1. Multifunctionality—With the development of short-range networks like Bluetooth and IEEE 802.11, it is now possible to enhance the services of a radio by leveraging other devices that provide complementary services. For instance, a Bluetooth-enabled fax machine may be able to send a fax to a nearby laptop computer equipped with a software radio that supports the Bluetooth interface. Software radio's recon-figuration capability can support an almost infinite variety of service capabilities in a system.

  2. Global mobility—A number of communication standards exist today. In the 2G alone, there are IS-136, GSM, IS-95/CDMA1, and many other, less well known standards. The 3G technology tried to harmonize all the standards. However, there are many standards under the 3G umbrella. The need for transparency, i.e., the ability of radios to operate with some, preferably all, of these standards in different geographical regions of the world has fostered the growth of the software radio concept. Military services also face a similar issue with incompatible radio standards existing between as well as within branches of the military.

  3. Compactness and power efficiency—Multifunction, multimode radios designed using the "Velcro" approach of including separate silicon for each system can become bulky and inefficient as the number of systems increases. The software radio approach, however, results in a compact and, in some cases, a power-efficient design, especially as the number of systems increases, since the same piece of hardware is reused to implement multiple systems and interfaces.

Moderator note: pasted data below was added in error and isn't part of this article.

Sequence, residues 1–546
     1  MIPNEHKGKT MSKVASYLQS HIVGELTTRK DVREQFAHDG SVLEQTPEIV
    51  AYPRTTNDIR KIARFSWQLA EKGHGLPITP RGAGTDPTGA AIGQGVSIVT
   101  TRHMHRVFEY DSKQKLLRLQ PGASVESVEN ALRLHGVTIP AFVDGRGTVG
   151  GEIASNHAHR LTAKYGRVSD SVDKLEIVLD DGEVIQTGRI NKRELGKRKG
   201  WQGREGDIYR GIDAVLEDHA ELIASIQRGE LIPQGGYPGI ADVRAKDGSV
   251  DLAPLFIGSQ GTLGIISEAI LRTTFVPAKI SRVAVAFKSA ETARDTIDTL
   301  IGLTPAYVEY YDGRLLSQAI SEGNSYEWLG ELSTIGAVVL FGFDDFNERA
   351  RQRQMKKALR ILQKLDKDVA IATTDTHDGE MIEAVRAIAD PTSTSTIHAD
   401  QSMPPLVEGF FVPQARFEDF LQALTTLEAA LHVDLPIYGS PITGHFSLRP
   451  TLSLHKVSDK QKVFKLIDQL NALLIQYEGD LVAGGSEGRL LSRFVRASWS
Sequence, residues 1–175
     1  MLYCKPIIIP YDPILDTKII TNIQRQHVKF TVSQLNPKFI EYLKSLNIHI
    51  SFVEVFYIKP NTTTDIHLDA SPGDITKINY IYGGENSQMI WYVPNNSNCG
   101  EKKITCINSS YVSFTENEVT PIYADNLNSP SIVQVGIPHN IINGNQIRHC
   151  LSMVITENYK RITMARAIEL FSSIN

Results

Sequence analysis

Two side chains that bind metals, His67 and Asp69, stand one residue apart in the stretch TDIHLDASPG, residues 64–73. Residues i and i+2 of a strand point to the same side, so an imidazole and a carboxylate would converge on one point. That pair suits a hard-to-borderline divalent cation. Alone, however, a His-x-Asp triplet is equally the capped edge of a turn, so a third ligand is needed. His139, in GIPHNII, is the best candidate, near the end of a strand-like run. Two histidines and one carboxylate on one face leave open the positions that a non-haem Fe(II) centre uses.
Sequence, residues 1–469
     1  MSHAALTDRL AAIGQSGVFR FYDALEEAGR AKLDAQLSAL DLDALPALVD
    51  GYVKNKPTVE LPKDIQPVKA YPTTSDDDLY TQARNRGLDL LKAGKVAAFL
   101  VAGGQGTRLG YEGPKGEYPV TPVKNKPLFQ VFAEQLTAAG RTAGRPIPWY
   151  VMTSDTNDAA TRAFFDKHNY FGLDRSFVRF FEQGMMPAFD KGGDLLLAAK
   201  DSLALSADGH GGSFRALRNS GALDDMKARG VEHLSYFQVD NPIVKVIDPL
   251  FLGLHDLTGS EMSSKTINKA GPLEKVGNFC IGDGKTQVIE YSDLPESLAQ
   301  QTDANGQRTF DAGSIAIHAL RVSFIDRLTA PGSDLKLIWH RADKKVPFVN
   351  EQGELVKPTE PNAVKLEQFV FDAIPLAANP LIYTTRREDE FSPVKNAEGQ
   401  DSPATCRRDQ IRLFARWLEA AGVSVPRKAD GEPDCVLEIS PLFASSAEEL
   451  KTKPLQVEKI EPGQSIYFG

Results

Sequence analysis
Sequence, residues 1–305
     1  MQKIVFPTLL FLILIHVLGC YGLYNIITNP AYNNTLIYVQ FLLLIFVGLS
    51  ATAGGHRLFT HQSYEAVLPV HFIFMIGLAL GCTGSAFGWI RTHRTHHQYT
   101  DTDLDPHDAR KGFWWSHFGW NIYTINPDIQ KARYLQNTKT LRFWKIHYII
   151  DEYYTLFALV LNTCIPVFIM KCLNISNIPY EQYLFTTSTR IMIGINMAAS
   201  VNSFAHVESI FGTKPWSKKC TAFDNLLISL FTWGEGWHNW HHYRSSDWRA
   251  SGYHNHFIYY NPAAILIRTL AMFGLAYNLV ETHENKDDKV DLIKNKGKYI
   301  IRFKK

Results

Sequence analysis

4. Ease of manufacture—RF components are notoriously hard to standardize and may have varying performance characteristics. Optimization of the components in terms of performance may take a few years and thereby delay product introduction. In general, digitization of the signal early in the receiver chain can result in a design that incorporates significantly fewer parts, meaning a reduced inventory for the manufacturer.

  5. Ease of upgrades—In the course of deployment, current services may need to be updated or new services may have to be introduced. Such enhancements have to be made without disrupting the operation of the current infrastructure. A flexible architecture allows for improvements and additional functionality without the expense of recalling all the units or replacing the user terminals. Vocoder technology, for example, is constantly improving to offer higher quality voice at lower bit rates. As new vocoders are developed, they can be quickly fielded in software radio systems. Furthermore, as new devices are integrated into existing infrastructures, software radio allows the new devices to interface seamlessly, from the air-interface all the way to the application, with the legacy network.

Users/customers expect service regardless of the geographical areas in which they travel and the wireless technologies that are in use in different regions in the world, but carrying several devices that cover the broad range of technology alternatives is impractical. Users expect one device to utilize services in all regions, which is possible only by reconfiguring the receiver to the air-interface standards used in the respective regions. By dynamically downloading the software to cover the needed air-interface standard, perhaps through transmission of the software configuration to the remote terminal, such over-the-air updates will allow for speedy implementation of software upgrades and new features.